Windows Networking/Server OS/Shell



Im trying to configure a server for my small office. Less than 15 computers. I have a server that doesn't have an OS(Dell power edge T110). I'm trying figure out the best OS or set up for the server. Bare in mind Im fairly new at this.

-The servers primary function will be for storage (file storage-mostly pdfs.)
-The servers secondary service will be storage of client data(to check for conflicts)
-The servers third function will be for running out interior phone and voicemail system. The phone and Voicemail system already is running on a separate PC(not a server) running windows xp. I hope to copy the configuration and import it to the new dedicated server.(separate issue and not absolutely necessary)

I've already tested FreeNas on the server. However, Im not sure if FreeNas best suits my needs.

My questions are:
- Should I install an OS that will allow me to set paths for file storage and conflicts and emulate xp? If so which one? Simpler user interfaces preferred.

- Should I stick with FreeNas- and will it be able to handle my above needs?

- Is there an alternate/simpler configuration with an OS/VMware etc that you can recommend for the above listed needs?

Didn't want to go to windows server unless I have to.

Thanks in advance for any help.


First, let me say that although I have read about FreeNAS, I have not actually used it, so my advice there may be limited.

That said, as much as I dislike Windows, it's difficult to consider using much of anything else.  Because it is so common, almost all other third party applications (backup solutions, anti-virus solutions, other network apps such as email) are all usually designed to run on Windows and not much else.  There may be some other Apps that work on other OS systems (most commonly Linux).  But compared to what is available for Windows, your options are very limited.  Also consider the fact that if you ever need consulting help, it is very difficult to find anyone who is experienced in much of anything other than Windows.  There are a few people who know some Linux, but even that is limited.

If all you need is basic file sharing, I'd say you probably don't even need a server at all.  You can buy a simple NAS device to which people can connect directly.  Their are RAID devices with network connectivity that can meet most basic network file sharing needs.  Here is one example:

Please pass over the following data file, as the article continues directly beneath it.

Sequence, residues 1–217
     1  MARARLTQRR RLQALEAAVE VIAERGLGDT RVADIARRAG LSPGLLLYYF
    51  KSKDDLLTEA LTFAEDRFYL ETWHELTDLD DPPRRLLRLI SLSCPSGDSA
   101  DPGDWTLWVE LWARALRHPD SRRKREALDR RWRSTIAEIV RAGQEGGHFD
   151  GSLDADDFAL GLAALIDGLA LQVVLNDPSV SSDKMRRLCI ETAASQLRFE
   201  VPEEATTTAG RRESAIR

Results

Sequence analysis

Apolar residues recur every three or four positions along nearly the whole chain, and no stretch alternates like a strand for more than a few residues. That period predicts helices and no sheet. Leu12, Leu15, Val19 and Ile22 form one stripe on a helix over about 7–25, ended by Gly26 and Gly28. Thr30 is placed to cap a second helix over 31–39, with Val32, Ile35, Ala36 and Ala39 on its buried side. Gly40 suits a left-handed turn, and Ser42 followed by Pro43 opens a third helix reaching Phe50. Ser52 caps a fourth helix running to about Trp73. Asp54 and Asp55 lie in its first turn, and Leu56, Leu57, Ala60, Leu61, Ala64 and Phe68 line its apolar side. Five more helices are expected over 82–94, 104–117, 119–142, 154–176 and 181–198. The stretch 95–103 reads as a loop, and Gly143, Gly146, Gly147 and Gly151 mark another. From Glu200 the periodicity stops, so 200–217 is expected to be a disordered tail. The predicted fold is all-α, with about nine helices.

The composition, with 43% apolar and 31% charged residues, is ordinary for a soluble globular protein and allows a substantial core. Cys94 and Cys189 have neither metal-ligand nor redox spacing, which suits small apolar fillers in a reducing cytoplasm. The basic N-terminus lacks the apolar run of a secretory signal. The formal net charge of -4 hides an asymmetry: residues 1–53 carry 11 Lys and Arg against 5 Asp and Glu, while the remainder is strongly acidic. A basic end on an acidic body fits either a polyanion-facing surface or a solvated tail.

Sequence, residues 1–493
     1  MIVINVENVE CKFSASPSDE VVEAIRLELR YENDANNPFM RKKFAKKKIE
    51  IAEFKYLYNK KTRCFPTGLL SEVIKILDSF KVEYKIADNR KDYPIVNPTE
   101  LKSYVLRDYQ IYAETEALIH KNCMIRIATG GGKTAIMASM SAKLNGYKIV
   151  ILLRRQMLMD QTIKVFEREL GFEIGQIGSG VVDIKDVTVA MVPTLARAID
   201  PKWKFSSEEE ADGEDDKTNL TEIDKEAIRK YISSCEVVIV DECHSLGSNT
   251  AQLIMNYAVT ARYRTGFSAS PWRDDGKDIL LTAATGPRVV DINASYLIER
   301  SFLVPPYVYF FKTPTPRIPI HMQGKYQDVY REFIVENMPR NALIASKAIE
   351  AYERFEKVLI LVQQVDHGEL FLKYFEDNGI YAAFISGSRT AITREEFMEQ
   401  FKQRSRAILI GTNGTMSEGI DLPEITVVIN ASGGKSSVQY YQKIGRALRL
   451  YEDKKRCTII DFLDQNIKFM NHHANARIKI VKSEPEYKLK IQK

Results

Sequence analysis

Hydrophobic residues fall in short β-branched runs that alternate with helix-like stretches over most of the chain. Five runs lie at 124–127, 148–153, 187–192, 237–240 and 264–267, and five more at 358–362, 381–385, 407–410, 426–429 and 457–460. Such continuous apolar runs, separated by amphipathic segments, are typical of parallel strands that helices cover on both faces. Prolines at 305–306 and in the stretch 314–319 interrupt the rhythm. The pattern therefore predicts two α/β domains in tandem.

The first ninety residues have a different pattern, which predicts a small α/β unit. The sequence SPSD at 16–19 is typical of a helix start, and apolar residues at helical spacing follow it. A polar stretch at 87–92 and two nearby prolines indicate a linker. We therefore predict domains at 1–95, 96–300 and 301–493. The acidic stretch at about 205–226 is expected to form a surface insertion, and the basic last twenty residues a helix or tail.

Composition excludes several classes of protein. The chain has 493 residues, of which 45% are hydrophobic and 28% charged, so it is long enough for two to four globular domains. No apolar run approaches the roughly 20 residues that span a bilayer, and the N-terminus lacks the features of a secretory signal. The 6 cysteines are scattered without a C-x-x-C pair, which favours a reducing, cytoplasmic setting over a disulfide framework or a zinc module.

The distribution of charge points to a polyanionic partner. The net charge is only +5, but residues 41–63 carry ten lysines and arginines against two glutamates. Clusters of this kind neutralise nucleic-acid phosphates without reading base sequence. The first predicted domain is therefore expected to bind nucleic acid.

But if you already have the hardware and FreeNAS works for you.  It should meet your basic needs for file sharing, assuming it works as advertised.  It probably will not run your phone and voicemail system, however. I'm guessing that is a Windows program and will need a Windows OS to run properly.  You will run into this issue with pretty much any application you want to run from the server.  They are all pretty much designed to work with Windows.

The main alternative to Windows is Linux.  It's nice, open source, and there are some good programs that can work with it.  The problem is that if you are not very experience with Linux and don't have a consultant who is, you will not be able to take advantage of much.  The benefit of Windows is that most people can manage the basics right out of the box without much additional training.

In short, FreeNAS is definitely the road less traveled.  It may work for you, but it is a dangerous path which I would not recommend for mission critical business apps, especally if the server administrator is a real expert with the OS.

- Mike  

Windows Networking

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Michael Troy


I have a fair amount of experience in peer-to-peer networking. I can answer questions about hardware, networking software, protocol settings, etc. I have some client-server experience, but not a lot with Windows-based servers. I can also give some advice on home network security: VPN, firewalls, anti-virus, etc.


I am the Director of Information Systems for a large law firm which connects about 300 users over five offices via a wide area network. We use client-server, peer-to-peer, remote access, VPN, Internet, and proxy servers.

I also have a peer-to-peer network of computers at home, with file and print sharing, remote access, shared network storage, and shared Internet access with a firewall.

BA George Washington University JD University of Michigan

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